SHOULD YOU TRAIN TO FAILURE FOR MORE MUSCLE GROWTH?

Gyms are loaded with trainers who either you should keep 3-4 reps in the tank, or who believe you should train the target muscle to the point of “failure”…

… but who is right?

If your goal is to build muscle, research suggests the latter.

Studies show that if you’re trying to build a ripped, muscular physique then you should be taking many (but not all) of your sets to the point of failure.

Today I’m going to show you how to do it, because when applied correctly, training to failure is an incredibly powerful tool which can greatly improve your results in the gym and have your pals wondering what the heck you’re doing – or using! – to see such progress.

But when applied incorrectly, it’s a complete waste of time!

Let’s break it down.

“The further you can take a set beyond failure, the higher you can increase levels of these natural muscle building hormones and the further you can push muscle growth.”

– Jim Stoppani

THE KEY STUDIES ON TRAINING TO FAILURE

“Failure” is defined as taking the muscle to the stage of being unable to perform another rep with good form, and it can be applied to low, mid-range or high rep sets.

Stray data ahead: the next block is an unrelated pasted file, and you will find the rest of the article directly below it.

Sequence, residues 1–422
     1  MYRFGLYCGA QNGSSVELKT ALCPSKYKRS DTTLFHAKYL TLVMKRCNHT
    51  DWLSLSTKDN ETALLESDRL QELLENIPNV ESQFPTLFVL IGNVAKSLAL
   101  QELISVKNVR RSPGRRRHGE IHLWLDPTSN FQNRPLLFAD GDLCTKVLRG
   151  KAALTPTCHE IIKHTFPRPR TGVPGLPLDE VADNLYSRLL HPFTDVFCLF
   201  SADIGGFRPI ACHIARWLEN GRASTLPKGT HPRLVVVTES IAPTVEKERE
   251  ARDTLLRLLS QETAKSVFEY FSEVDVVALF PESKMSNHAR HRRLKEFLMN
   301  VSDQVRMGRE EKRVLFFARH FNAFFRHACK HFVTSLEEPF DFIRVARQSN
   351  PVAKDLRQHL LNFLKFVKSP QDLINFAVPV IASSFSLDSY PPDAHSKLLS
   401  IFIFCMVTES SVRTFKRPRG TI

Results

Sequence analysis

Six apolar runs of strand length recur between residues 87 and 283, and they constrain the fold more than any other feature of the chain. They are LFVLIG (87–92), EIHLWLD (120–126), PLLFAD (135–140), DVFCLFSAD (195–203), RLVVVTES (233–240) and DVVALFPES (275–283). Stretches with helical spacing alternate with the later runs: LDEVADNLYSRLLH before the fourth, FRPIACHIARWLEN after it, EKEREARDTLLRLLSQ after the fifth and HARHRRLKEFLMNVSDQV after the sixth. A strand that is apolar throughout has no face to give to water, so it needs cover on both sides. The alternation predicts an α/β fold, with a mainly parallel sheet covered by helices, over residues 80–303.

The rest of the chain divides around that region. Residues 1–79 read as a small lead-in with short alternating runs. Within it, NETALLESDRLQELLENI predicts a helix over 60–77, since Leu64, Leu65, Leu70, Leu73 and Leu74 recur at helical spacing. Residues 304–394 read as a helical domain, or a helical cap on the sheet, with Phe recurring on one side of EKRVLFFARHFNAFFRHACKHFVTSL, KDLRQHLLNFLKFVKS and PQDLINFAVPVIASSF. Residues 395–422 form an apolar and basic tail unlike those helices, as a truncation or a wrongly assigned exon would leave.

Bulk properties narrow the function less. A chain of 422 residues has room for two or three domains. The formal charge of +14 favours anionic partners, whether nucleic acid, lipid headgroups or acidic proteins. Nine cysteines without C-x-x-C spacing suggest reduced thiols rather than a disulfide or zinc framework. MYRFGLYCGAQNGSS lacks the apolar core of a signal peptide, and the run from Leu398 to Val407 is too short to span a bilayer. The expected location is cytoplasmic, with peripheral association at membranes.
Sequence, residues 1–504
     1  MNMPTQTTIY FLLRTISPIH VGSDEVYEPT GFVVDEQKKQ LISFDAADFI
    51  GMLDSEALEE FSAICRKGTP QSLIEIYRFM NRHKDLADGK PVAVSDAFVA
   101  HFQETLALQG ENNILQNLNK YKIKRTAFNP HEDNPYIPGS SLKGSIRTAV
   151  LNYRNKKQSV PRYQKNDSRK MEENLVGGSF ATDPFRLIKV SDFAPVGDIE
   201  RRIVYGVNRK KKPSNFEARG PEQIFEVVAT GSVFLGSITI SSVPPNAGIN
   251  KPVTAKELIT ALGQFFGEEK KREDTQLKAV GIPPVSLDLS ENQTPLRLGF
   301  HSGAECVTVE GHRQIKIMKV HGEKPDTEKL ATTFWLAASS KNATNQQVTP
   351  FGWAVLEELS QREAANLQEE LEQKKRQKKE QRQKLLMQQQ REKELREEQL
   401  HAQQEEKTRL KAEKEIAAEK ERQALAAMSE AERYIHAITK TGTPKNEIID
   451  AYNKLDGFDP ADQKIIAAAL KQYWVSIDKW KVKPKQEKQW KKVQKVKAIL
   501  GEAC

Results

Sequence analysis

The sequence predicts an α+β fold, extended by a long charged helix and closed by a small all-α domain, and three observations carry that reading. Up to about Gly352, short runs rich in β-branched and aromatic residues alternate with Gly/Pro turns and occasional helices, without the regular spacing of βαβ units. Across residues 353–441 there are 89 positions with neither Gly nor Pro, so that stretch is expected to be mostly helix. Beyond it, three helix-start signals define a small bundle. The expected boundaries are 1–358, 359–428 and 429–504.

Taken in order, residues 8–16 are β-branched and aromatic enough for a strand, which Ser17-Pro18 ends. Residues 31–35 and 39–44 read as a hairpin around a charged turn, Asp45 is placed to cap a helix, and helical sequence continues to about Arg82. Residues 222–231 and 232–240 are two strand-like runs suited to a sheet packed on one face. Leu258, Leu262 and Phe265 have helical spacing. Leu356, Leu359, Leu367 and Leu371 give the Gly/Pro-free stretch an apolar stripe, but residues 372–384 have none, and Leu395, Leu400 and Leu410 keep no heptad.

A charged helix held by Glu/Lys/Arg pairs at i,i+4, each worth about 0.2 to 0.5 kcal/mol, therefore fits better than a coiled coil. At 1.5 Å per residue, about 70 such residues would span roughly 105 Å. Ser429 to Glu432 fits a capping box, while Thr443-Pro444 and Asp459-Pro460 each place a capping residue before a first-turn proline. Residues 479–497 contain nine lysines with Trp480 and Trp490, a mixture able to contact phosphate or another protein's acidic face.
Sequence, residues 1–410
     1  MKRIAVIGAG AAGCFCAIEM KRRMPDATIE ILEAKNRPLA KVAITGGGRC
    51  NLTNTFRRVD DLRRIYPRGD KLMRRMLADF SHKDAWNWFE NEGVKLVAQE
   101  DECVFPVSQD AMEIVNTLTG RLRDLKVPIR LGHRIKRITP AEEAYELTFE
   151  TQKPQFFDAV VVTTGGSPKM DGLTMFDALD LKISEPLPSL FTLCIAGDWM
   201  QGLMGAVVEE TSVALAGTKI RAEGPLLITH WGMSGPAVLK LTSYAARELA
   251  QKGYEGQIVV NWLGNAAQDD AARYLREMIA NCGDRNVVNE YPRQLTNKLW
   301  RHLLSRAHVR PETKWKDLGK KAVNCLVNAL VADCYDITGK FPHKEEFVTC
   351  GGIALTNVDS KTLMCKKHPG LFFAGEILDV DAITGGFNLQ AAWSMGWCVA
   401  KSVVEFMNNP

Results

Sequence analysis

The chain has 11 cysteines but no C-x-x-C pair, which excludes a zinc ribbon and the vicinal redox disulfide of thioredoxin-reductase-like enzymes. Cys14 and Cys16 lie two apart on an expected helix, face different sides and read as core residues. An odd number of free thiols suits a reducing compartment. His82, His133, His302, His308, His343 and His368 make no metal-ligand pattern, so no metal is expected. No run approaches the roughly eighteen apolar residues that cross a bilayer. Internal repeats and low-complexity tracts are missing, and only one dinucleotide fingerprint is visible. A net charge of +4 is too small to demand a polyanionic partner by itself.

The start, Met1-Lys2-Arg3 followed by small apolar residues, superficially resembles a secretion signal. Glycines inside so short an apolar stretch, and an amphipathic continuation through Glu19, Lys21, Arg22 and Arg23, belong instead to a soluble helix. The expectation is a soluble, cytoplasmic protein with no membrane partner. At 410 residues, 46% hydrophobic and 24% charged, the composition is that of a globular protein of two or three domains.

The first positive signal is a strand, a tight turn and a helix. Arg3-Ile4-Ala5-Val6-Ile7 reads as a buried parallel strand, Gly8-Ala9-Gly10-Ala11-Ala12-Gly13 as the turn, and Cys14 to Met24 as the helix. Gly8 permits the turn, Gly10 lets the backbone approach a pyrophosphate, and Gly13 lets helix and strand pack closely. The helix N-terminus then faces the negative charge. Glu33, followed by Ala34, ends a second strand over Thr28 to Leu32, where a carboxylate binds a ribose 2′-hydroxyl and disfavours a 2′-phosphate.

A 2010 study from McMaster University, Canada, was the first to really delve into the finer details of the potential hypertrophy benefits on the table.

Using the leg extension, the researchers worked with 15 male participants who were broken into the following groups:

  • 4 sets of 4-5 reps with a weight that caused muscle failure
  • 4 sets 20-30 reps with a weight that caused muscle failure
  • 4 sets of 20-30 reps with a comfortable weight (no failure was reached)

The results were nuts. As you can see below, both of the groups who achieved muscle failure reported a significantly higher rate (40-60%) of muscle protein synthesis. (1)

training to failure muscle growth

Twelve months later, researchers from the same university conducted a follow-up study to test the muscle building properties of whey protein in the 24 hours after a workout, and it gave them a second opportunity to simultaneously test the benefits of training to failure.

This time the researchers had three groups of trained men supplementing with whey protein after performing unilateral leg extensions like this:

  • 4 sets of 4-5 reps with a weight that caused muscle failure
  • 4 sets of 20-30 reps with a weight that caused muscle failure
  • 4 sets of 20-30 reps with a comfortable weight (no failure was reached)

The researchers found that the protein shake spiked muscle protein synthesis significantly higher for the trainees who achieved failure. (2)

is training to failure better for muscle growth

One thing I hope you’ve noticed so far is that training in the higher rep ranges appears to be pretty damn good for stimulating muscle growth (more on this here), but there are also some things to consider.

The first is that the researchers in both of these studies measured muscle protein synthesis and not actual hypertrophy. Sure, MPS is a great indication that our muscles are in a state of heightened growth, but if we want to look at the bigger picture we need a study which is longer and which takes muscle measurements.